I’ve been to Rangeley in the off-season before, when there wasn’t a big event going on. It’s not dead, but it is quiet and sleepy. You don’t have to wait for a table at the Red Onion, and you don’t have to worry about booking a bedroom too far in advance. At the time, the town struck me as charming and quaint—a far cry from the energized scene here outside the Rave X arena. After the Saddleback Maine ski resort closed in 2015, winter traffic into downtown Rangeley slowed significantly, and the area suffered without that extra income from skiers. Like many towns in Maine, Rangeley needs to attract visitors and newcomers in order to survive, so the loss of a ski resort was a huge blow to the economic health of the region. Snowmobiling, Wakefield hopes, may replace skiing as the winter sport of choice for tourists. “We’re struggling,” he says bluntly. “Our average age is significantly older up here, which is a huge issue for all the volunteer organizations.” The snowmobile club will need to recruit some new members soon, to help shoulder the burden of putting on such a big event, especially if it’s going to continue growing, attracting new participants every year.
While Rangeley could survive without the Snodeo, it’s not clear whether the town would thrive without so many seasonal events. According to Mary Brey, vice president of the snowmobile club and full-time resident of Rangeley, the town has had a “huge turnaround in the last eight or nine years. People are actually investing money in businesses, and it’s becoming a four-season area.” In the summer, people come to fish in the seven lakes nearby, drive motorboats around with tubes dragging behind them, and watch the Fourth of July fireworks show. In the fall, they hike in the Appalachian Mountains and watch the leaves turn. In winter and early spring, snowmobilers ride the trails, coasting between towns, visiting out-of-the-way destinations like Quill Hill (a scenic mountain peak located between Eustis and Rangeley) and Tea Pond Lodge and Cabins (an old fashioned, off-the-grid hunting lodge that has a restaurant and cabins).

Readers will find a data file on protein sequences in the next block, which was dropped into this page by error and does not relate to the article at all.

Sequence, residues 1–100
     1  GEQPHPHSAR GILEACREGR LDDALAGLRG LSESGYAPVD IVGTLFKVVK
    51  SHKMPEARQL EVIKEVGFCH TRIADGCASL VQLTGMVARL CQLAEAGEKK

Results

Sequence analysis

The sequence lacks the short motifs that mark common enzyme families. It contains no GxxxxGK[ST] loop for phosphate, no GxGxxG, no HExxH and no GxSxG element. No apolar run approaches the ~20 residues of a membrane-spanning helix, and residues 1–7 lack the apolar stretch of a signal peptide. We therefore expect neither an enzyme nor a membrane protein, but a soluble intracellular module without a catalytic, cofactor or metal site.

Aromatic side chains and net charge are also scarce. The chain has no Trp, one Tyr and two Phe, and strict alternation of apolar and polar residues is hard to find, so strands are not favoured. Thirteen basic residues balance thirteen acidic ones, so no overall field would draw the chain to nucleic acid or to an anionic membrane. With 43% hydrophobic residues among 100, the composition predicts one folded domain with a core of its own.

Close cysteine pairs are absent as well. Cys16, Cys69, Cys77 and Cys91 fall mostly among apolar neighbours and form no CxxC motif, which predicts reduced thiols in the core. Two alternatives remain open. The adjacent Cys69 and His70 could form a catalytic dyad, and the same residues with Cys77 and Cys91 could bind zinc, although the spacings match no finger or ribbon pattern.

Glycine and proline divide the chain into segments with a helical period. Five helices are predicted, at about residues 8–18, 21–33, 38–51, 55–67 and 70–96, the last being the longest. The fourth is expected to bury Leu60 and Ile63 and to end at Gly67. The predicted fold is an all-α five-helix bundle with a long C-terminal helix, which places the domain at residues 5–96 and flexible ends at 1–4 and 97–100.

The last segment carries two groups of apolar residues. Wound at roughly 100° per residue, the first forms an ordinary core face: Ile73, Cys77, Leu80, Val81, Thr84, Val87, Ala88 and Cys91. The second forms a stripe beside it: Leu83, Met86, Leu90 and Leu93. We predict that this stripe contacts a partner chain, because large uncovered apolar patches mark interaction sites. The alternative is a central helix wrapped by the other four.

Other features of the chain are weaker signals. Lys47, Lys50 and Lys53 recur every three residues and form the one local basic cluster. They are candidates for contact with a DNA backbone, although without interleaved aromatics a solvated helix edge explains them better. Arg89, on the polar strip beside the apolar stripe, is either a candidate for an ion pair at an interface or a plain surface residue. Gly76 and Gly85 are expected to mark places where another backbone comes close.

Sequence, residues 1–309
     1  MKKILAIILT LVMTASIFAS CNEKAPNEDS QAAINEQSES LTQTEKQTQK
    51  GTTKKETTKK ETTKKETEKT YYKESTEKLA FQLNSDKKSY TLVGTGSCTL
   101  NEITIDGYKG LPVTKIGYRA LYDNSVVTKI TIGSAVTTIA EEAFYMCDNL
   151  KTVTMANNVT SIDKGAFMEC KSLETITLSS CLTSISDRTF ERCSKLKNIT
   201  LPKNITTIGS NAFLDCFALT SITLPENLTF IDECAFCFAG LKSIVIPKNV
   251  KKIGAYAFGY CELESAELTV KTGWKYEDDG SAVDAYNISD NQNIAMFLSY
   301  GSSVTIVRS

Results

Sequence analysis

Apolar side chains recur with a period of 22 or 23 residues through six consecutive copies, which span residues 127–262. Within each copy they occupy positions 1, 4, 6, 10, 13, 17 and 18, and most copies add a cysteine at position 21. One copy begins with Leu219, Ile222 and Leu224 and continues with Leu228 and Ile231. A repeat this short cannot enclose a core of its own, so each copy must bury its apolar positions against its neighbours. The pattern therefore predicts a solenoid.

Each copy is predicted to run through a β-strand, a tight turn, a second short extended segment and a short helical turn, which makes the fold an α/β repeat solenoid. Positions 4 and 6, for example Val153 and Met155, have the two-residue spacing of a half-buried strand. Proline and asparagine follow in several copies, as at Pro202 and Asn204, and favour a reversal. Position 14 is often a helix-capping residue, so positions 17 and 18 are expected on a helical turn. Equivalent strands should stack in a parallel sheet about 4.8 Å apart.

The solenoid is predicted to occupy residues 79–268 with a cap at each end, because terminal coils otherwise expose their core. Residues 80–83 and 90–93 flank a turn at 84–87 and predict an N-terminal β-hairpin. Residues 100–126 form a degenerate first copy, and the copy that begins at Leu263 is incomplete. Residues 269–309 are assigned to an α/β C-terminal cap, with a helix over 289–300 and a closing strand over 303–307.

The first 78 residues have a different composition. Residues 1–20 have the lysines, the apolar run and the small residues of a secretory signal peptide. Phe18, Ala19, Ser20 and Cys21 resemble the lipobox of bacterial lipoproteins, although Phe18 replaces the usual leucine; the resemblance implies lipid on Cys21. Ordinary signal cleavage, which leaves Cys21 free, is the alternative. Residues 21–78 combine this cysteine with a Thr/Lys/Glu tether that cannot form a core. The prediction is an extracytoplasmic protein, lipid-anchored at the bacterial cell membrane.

“We’re always in competition with the County,” admits Wakefield. “But there are two kinds of riding. The County has a lot of wide-open straightaways. The Eustis and Rangeley area is a totally different terrain. It’s a lot more wooded.” Not only is the region in competition with other snowmobile hubs, but snowmobile clubs are also pitted against other outdoor activities for government funding. “You look at other recreational sports and they get a lot more money from the state than snowmobilers,” Wakefield explains. As a result, snowmobile trails are maintained almost entirely by volunteers. Brey points out that there are over 250 snowmobile clubs in Maine, and “99 percent of those are completely volunteer.” Every year on December 15, the Rangeley Lakes Snowmobile Club begins grooming trails and readying them for riders. “In order to keep our club going we have to be able to buy, run, and maintain the groomers,” she says. “Each one costs around $250,000, and we have a fleet of four right now.” Thankfully, local businesses owners understand the benefit of having well-groomed trails in their region. Over 65 businesses contribute financially to the snowmobile club. “A lot of the town knows we need their help. People always say they’d love to help, but rarely do they show up,” says Brey. “We only have 12 board members in our club, so that means there are just 12 people who run Snodeo.” And, she adds, “It’s the biggest event that happens in the town of Rangeley all year long.”
Back in the 1960s, explains Snodeo founder Craig Sargent, there was “no one, absolutely no one” hanging around in Rangeley in the wintertime. “At most, there were a couple of skiers, maybe,” he says. “But it’s a world of difference now.” Though Sargent (owner of Sarge’s Pub Sports Pub and Grill) doesn’t say it outright, he had a big hand in changing how tourists saw this little mountain town. Sargent, whose father sold snowmobiles, began researching snowmobiling events in the early 1980s. “I spent two years going to the biggest events in the Northeast,” he says. He traveled to Lake George and Old Forge, New York, and up to Valcourt, Canada. “I knew we had limited resources compared to those two areas, but I would pick up different ideas from each event. I had to get creative.”